Research Report Advancing Equity, Climate Action, and Economic Health in Communities
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Challenges and Opportunities for the Justice40 Initiative
Samantha Fu, James Ladi Williams, Anna Shipp
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Created through President Biden’s Executive Order 14008, “Tackling the Climate Crisis at Home and Abroad,” Justice40 is an initiative of the federal government that aims to deliver 40 percent of the benefits of certain federal investments to communities identified as “disadvantaged” based on factors such as exposure to pollution and other environmental hazards, vulnerability to the impacts of climate change, and levels of socioeconomic distress.

Advocates see in Justice40 a historic opportunity to generate transformative change in marginalized, overburdened, and underserved communities. However, they also caution that achieving Justice40’s ambitious goals hinges on how the initiative is implemented. The Urban Institute’s Equity in Place project seeks to support Justice40’s success by highlighting the challenges and opportunities the initiative faces and by recommending ways to ensure its successful implementation.

Our work began in early 2022 with a scan of the initiative’s official guidance and supplemental reports to build an understanding of Justice40’s framework, vision, and goals. We then conducted scoping interviews with representatives from the US Environmental Protection Agency, the Pennsylvania Department of Environmental Protection, the Urban Waters Federal Partnership, and nonprofit organizations across the country engaged in policy, capacity-building, and technical-assistance work with some of the communities that Justice40 intends to benefit. We also attended virtual public meetings hosted by the White House Environmental Justice Advisory Council.

Through these activities, we sought to learn about stakeholders’ understanding of Justice40 and gather insights on what conditions need to be met for the initiative to succeed in delivering benefits to underserved communities. Following the interviews, we held two convenings with leaders from many of the nonprofit environmental justice organizations we interviewed as well as a few others. The first convening focused on validating and refining our synthesis of insights gathered from the interviews; the second focused on understanding stakeholders’ visions for Justice40 and on articulating the principles and specific actions needed to make that vision a reality.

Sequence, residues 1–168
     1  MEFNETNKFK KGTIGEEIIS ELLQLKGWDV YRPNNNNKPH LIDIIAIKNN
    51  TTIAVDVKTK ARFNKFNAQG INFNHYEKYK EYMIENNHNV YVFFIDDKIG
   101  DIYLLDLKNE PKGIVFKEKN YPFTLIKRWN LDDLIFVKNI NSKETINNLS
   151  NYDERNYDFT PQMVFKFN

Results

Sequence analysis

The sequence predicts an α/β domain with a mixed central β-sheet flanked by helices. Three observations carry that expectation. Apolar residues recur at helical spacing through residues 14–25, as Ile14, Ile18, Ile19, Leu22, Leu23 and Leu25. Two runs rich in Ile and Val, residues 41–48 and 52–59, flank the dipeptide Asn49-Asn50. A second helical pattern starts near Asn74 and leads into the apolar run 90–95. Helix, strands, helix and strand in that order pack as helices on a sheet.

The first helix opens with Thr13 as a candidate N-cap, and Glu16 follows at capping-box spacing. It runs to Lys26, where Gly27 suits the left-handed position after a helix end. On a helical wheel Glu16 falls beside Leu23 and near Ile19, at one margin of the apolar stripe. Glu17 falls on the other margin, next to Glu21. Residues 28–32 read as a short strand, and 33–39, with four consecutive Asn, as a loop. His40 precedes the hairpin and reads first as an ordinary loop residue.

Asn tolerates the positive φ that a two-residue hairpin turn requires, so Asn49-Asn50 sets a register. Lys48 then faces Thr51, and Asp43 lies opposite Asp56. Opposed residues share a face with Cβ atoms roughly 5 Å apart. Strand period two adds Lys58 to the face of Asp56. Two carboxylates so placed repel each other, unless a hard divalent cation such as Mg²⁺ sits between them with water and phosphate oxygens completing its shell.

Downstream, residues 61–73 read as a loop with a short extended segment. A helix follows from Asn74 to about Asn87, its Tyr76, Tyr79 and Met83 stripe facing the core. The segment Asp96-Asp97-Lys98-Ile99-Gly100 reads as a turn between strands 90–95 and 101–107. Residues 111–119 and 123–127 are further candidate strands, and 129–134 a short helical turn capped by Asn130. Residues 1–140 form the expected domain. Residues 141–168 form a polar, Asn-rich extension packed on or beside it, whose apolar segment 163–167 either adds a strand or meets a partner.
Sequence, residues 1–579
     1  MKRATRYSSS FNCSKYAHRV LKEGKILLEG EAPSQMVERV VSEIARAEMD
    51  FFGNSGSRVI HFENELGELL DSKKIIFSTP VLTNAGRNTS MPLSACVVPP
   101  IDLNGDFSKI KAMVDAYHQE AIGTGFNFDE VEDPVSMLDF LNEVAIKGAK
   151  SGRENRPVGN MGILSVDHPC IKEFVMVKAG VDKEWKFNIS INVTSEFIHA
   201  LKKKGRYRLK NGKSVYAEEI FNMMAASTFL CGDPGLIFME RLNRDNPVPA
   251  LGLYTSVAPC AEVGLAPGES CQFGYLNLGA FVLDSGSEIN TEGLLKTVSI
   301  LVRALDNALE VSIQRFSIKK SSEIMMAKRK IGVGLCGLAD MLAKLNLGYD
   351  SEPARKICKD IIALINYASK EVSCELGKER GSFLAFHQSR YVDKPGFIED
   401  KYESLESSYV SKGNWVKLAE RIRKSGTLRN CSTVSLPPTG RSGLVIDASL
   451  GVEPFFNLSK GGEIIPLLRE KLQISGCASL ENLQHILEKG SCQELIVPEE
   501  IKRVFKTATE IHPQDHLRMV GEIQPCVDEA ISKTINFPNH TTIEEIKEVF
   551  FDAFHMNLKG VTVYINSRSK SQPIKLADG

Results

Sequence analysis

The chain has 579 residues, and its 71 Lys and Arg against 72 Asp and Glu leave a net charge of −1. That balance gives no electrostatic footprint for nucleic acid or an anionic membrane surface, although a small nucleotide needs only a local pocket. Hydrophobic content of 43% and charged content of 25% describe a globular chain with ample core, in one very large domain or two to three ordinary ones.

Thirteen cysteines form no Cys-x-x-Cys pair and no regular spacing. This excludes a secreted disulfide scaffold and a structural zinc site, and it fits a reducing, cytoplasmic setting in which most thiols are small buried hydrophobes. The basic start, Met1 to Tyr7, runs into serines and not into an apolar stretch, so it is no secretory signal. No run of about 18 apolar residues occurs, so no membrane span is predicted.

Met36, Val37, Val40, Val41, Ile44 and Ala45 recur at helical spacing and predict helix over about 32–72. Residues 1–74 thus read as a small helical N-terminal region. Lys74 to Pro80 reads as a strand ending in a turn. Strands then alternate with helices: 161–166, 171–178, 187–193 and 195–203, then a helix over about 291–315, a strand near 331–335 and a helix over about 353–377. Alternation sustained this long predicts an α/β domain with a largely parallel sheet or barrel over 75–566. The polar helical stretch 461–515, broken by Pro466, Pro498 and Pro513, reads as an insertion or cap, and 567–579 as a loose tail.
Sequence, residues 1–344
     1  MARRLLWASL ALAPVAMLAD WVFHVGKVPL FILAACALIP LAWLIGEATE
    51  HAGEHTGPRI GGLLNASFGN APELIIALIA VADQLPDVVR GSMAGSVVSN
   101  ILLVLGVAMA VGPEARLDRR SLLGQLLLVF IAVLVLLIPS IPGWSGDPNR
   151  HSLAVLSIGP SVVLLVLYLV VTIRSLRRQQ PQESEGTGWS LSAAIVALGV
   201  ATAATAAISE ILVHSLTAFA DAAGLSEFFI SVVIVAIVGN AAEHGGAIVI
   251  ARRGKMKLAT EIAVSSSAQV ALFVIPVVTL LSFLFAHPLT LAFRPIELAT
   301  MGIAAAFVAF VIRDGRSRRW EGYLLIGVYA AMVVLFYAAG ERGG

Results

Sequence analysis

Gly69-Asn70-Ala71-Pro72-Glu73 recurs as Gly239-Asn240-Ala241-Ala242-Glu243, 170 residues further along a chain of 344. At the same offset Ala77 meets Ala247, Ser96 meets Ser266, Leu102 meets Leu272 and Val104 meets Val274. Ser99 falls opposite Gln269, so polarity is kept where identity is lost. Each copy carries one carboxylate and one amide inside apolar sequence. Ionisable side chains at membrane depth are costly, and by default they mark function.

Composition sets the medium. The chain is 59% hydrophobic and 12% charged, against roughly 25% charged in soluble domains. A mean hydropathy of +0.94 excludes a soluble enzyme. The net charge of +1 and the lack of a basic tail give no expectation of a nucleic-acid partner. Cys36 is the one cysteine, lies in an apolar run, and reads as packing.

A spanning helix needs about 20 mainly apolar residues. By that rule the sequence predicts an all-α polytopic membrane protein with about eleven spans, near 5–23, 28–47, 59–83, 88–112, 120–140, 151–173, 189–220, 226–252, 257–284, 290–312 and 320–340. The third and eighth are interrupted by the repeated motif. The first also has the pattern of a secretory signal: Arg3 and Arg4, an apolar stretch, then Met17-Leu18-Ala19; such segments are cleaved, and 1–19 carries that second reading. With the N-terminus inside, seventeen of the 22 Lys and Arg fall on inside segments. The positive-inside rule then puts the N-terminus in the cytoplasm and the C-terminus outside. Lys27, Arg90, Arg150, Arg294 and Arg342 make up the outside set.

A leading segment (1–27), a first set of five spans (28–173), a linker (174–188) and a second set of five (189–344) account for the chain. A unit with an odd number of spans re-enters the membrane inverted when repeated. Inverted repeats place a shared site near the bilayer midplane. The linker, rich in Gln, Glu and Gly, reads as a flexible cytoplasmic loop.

This paper distills Urban’s understanding of the contemporary Justice40 landscape and presents five main themes that emerged from our synthesis of advocate and community viewpoints:

  1. Identifying, engaging, and prioritizing communities. Improvements in how communities are identified, engaged, and prioritized would enable Justice40 to simultaneously advance equity, climate action, and economic health.
  2. Program design and funding structure. Changes to program design and funding structure could help make Justice40 funding more accessible to the “disadvantaged” communities it is intended to benefit.
  3. Defining and measuring benefits. A clear definition of “benefits” and how they are measured would help align Justice40’s intent with its impact and support meaningful evaluation of investment outcomes against Justice40’s goals.
  4. Oversight and accountability. A robust, transparent, and equitable accountability structure would help ensure that Justice40 investments at all levels of government deliver the promised benefits to “disadvantaged” communities.
  5. Whole-of-government approach. Increased coordination and collaboration, both horizontally between federal agencies and vertically between federal, state, and local governments could help expand Justice40’s impact and scope.

We ground these five themes within a framework that elevates Justice40’s crosscutting goals related to equity, climate action, and the economy, and provide additional context based on our analysis of the Justice40 policy landscape. This framing paper informs an accompanying and practice playbook, which recommends strategies to address key stakeholder concerns and ensure the successful implementation of Justice40.

Research Areas Climate, disasters, and environment Neighborhoods, cities, and metros Race and equity Economic mobility and inequality
Tags Climate adaptation and resilience Climate mitigation, sustainability, energy and land use Community and economic development Environmental quality and pollution Federal urban policies Place-based initiatives Racial and ethnic disparities Racial inequities in neighborhoods and community development
Policy Centers Research to Action Lab
Research Methods Qualitative data analysis
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